One Christmas, we did the usual Secret Santa within my ‘team’. The team was mainly women and the boss man of our little team was, indeed a man. He was a nice man, maybe in his 50’s… very odd a little bit odd at times, but who isn’t. It was difficult talking to him sometimes, he seemed very quiet and a bit reserved. He was the sort of man I imagined stayed indoors a lot, didn’t own a TV and read old books all day. He looked at me like he thought I was an annoying child.

The budget for Secret Santa was really small, as it was a Charity, understandably. £2 per person. I found a really lovely gift for my SS recipient, as you do. I wrapped it up and wrote a label in bold handwriting so she didn’t know who bought it. On the day of the exchange, everyone looked at the little pile of presents to find the one with their name on it. We all stood in a circle and opened the wrapping simultaneously.

As I peeled the wrapping paper off my gift, I couldn’t really tell what it was. It was something flat and light. As I pulled it completely out of the packaging, I felt confusion wash over me. Inside the festive wrapping paper was….. ……..wait for it……

No really…….. sit down……..  get ready……

A. Gift. Bag.

Like, you know, a GIFT BAG that you buy to put a gift into.  Someone had wrapped up a gift bag for me. Was this a joke? If it was, I definitely didn’t understand the joke. I tried to mask the confused look on my face by smiling and looking pleased. I peeked inside the gift bag, in case there was an ACTUAL gift inside. Nope. The bag was still flat and in the cellophane as it was in the shop. Everyone by now was holding up their gifts and telling each other what they’d got, laughing and joking. I stood silently looking at my Gift Bag, smiling still in case the person who bought it was watching me. All of a sudden it dawned on me that Odd Boss Man had clearly bought this for me. Who else in their right mind would buy someone a gift bag as a present?! To be fair, it was a very pretty gift bag. Very girly, with flowers or butterflies or something on it. It had a massive £2 label on the front, and was from M&S, which was the shop just outside the tube station. I pretty quickly worked out that Odd Boss Man had clearly walked into the shop, panicked at what to buy the irritating young female co-worker he probably despised. He probably clapped eyes on the gift bag and thought, brilliant, £2, job done. Maybe he thought it was a hand bag.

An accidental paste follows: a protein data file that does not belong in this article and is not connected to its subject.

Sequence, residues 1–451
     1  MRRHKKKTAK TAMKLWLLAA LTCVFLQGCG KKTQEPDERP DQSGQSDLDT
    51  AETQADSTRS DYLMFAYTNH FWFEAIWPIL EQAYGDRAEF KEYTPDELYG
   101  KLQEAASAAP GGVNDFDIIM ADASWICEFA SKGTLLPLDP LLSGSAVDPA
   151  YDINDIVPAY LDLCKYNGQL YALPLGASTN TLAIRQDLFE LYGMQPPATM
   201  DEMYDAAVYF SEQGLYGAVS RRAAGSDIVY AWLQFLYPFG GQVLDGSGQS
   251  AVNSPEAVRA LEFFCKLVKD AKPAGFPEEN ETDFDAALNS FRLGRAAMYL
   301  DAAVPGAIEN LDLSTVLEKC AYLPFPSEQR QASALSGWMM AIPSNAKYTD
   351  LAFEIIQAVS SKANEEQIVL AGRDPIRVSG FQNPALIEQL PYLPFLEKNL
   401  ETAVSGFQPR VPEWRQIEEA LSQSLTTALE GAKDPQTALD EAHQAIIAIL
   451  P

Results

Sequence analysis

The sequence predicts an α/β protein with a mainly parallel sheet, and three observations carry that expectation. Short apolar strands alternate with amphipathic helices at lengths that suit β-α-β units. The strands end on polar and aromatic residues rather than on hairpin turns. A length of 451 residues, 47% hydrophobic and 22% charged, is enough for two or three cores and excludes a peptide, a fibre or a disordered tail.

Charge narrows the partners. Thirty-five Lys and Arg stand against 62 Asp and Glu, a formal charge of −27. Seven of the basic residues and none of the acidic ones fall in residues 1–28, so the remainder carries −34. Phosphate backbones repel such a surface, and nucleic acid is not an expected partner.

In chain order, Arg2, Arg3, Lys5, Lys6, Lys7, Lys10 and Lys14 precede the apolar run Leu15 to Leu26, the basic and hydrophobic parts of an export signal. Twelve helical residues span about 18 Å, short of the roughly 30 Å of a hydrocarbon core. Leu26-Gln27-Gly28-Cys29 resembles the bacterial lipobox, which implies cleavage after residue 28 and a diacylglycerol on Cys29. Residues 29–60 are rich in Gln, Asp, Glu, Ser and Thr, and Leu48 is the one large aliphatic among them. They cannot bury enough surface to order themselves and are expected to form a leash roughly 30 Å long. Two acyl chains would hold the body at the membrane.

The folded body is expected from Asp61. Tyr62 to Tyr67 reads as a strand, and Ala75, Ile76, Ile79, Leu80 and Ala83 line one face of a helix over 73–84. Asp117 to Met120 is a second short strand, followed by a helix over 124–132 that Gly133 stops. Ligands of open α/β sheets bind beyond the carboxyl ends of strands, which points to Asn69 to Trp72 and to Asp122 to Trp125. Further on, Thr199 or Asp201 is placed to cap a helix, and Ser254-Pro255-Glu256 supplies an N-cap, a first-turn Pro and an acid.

One of my lovely colleagues called out across the circle… “Jo, what did you get??” I didn’t know what to say… so I slowly held up the gift bag, smiling, as everyone in the circle turned to look at me. She looked confused too. Thank God.  I think she sensed my awkwardness so she changed the subject.

Afterwards we went back to our desks where Odd Boss Man sat opposite me. I couldn’t regale the team with the weirdness of the gift because he was RIGHT THERE looking at me. I popped the gift bag in my top tray and kept trying not to laugh every time I looked at it.

At some point that day he made a comment about me liking my gift. I said it was lovely. It was…  Very pretty. He looked pretty smug. I wondered if he really thought it was a hand bag.  Seeing his happy face at buying something I liked was sweet. Made me feel bad about it being so weird though, I never would have told him the error of his ways and burst his bubble. But it will always be the best Secret Santa buy ever. I often wonder if he ever bought anyone else a gift bag as a gift, because it went down so well!

I used the gift bag a month or so later, to put a gift in. I felt the bag needed to fulfil its purpose in life.

So anyway, I will always remember the time someone bought me a gift bag.

*It wasn’t this exact gift bag, this is a random pic from eBay. But you get the jist.

**I wonder if this post wins an award for the most uses of the words GIFT BAG???

gift-bag

 

CHRISTMAS REALITY WITH KIDS!

CHRISTMAS REALITY WITH KIDS!

So, it’s allllmost December. Up til now you would have been in one of 2 camps:

Camp 1: It’s not Christmas yet. Calm the f*ck down.
Camp 2: It’s the season to be jolly, ding a ling a long long, *vomits tinsel*

Anyway, even those in Camp 1 cannot deny that December is almost upon us and therefore it is ALMOST BLOODY CHRISTMAS YOU ABSOLUTE GRINCH!

For parents, Christmas is joyous, it’s the time of year when you get to see your darling children’s little faces light up at the magic and wonder. You get to feel the anticipation of the day and all the excitement over again from when you was a child yourself.

Sometimes, the reality of Christmas isn’t quite what we imagine when we plan it out in our heads. Especially when involving Toddlers. Please see list below. I write this to prepare you for the reality. You are not alone!